Almost all employment contracts include a termination clause. Yet, not all termination clauses are enforceable. The consequences of this can be severe for an employer. This is well exemplified in the 2022 Ontario Superior Court decision, Tarras v. The Municipal Infrastructure Group Ltd.


In late 2019, Plaintiff, Mark Andrew Tarras, agreed to a three-year, fixed-term employment contract with Defendant, The Municipal Infrastructure Group Limited (“TMIG”), which made him a Vice-President. In November of 2020, Mr. Tarras was dismissed without cause, effective December 31st, 2020. This meant his salary and benefits were terminated as of December 31. The focus of this case was the provisions in his termination clause, as well as the question of a fixed-term contract.

The Termination Clause:

In Ontario, the Employment Standards Act (“ESA”) sets out minimum standards that an employer must meet. The employer and employee cannot contract out of these standards, even if they’ve agreed to do so. Any provision that contracts out the minimums set out in the ESA is simply void.

The Ontario Regulation that was enacted pursuant to the ESA provides in two different sections that there is no entitlement to notice of termination or severance pay for an “employee who has been guilty of willful misconduct, disobedience or willful neglect of duty that is not trivial and has not been condoned by the employer.

The ESA standard is considered to be a higher bar for termination for cause than the common law meaning of cause. The wording used in the termination clause in this decision, does not meet to the standard required by the ESA. Ontario courts have repeatedly found that if a specific provision does not meet the legislated minimums, it will render the entire termination clause void. Therefore, even though the Mr. Tarras was dismissed without cause, the legality of the entire termination clause is called into question due to the illegal termination ‘for cause’ provision.

The sophistication level of the parties also does not matter when it comes to the requirement of meeting minimum standards. In this case, both parties co-authored the drafting of the agreement, and the plaintiff had legal counsel throughout. However, having a good understanding of the law does not allow one to contract out of minimum employment law standards. Even though both parties drafted the agreement together, their language did not meet the ESA standard of ‘cause’ which requires wilful misconduct.

Thus, the termination clause is unenforceable due to the ‘cause’ provision falling short of the minimum standards set out in the ESA. It did not matter that the parties co-authored the agreement, nor did it matter that the Plaintiff had legal counsel. The parties may have met the common law standard, but they did not meet the ESA requirement.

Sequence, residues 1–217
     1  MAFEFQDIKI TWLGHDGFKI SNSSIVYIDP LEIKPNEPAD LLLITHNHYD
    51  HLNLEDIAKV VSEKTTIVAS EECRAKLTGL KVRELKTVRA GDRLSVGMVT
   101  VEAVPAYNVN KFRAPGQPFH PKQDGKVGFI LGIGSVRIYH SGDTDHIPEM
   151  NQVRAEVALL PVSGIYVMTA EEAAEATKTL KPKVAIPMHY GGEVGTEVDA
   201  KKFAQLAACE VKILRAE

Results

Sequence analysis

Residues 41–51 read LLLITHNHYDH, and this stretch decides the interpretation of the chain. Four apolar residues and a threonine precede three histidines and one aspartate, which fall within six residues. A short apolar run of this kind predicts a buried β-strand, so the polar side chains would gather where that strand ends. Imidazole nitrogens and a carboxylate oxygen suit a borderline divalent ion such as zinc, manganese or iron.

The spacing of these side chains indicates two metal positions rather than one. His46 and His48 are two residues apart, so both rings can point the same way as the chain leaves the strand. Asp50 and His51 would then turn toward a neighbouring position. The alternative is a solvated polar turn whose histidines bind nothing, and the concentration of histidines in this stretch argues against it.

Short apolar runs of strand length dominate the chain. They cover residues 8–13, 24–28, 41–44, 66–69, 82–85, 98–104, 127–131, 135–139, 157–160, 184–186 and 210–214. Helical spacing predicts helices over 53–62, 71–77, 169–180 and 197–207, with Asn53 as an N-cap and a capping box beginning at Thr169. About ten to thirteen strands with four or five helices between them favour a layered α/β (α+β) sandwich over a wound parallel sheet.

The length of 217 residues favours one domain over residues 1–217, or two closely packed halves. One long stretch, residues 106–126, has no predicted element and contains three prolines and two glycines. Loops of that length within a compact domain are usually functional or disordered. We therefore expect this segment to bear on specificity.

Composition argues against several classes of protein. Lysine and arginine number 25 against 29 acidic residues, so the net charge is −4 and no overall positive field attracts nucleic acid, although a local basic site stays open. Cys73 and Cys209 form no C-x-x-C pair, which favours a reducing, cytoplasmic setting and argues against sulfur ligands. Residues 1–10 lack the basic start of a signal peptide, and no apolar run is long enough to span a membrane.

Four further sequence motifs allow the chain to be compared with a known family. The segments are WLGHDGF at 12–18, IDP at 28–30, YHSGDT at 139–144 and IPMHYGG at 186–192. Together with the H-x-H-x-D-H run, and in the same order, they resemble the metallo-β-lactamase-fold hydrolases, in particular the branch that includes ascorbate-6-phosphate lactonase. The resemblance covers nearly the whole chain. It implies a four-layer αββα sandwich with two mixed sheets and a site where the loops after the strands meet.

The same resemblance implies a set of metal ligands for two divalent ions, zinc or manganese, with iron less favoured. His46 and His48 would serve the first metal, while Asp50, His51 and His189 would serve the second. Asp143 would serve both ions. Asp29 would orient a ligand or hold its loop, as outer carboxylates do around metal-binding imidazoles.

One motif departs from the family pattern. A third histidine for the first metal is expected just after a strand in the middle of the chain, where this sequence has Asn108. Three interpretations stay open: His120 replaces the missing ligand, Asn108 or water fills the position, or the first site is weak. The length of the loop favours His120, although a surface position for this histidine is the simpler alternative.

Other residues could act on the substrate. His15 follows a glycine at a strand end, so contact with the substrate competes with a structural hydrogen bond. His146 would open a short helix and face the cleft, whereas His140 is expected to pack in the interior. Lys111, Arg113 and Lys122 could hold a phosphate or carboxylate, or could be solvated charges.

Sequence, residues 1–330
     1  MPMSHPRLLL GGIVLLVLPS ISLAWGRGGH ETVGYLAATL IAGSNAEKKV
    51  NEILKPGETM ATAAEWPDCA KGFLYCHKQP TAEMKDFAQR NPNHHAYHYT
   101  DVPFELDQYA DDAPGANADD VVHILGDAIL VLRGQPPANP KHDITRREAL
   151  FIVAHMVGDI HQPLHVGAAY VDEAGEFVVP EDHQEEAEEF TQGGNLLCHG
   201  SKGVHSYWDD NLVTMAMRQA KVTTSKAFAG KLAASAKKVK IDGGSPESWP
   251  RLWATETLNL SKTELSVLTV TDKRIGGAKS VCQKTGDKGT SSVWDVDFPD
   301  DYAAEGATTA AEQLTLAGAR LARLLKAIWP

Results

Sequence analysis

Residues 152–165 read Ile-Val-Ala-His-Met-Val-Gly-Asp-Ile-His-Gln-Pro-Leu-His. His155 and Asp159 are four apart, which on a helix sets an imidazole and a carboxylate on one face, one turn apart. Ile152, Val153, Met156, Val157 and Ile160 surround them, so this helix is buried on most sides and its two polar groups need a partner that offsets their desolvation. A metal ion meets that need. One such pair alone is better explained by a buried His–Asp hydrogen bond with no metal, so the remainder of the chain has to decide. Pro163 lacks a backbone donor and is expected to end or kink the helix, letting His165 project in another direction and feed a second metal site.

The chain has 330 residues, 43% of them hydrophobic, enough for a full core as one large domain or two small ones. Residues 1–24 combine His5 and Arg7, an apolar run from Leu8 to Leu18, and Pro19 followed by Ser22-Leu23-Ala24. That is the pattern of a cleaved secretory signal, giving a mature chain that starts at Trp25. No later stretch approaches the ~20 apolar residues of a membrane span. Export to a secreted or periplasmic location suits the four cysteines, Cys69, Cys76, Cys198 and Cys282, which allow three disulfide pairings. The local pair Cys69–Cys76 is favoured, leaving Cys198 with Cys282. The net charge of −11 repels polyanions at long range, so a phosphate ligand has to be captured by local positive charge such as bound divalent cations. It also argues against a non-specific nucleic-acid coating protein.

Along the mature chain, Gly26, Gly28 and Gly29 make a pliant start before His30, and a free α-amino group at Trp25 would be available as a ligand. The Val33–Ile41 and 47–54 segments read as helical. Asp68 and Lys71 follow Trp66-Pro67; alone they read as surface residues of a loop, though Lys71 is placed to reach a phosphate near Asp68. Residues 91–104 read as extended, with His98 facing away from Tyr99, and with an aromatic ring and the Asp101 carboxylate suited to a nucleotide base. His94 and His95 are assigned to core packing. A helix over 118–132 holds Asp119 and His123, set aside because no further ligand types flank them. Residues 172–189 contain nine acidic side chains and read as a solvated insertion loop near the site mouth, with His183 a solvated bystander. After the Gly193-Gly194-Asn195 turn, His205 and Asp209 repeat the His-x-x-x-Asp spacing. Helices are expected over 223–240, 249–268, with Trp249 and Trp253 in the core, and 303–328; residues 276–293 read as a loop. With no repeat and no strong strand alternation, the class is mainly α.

Fixed-Contract and Illegal Termination Clauses:

Once it was established that the termination clause was unenforceable, the court had to determine what the appropriate notice period was. To do so, there had to be a decision on whether this employment agreement was a fixed-term contract or not. The agreement in this case provided for “a term of three (3) years” with an end date of December 2, 2022. Thus, the court decided it was an unambiguous, fixed-term agreement.

If there is an unenforceable termination clause in a fixed-term employment contract, the employee will be awarded damages at common law. In 2016, the Court of Appeal found that:

In the absence of an enforceable contractual provision stipulating a fixed term of notice, or any other provision to the contrary, a fixed term employment contract obligates an employer to pay an employee to the end of the term, and that obligation will not be subject to mitigation.

As the Court of Appeal also pointed out, the entitlements to the employee are not subject to mitigation. Dismisses employees have no duty to mitigate if they are terminated from a fixed-term contract.


In summary, Mr. Tarras was dismissed without cause, but because the ‘cause’ provision only met the common law standard, not the ESA standard; it rendered the entire termination clause unenforceable. Therefore, the Plaintiff was entitled to common law notice, which in the case of a fixed-term agreement, is the remainder of the contract. Ultimately, Mr. Tarras was awarded the balance of his deal – 23 months’ salary – which amounted to $479,166.67.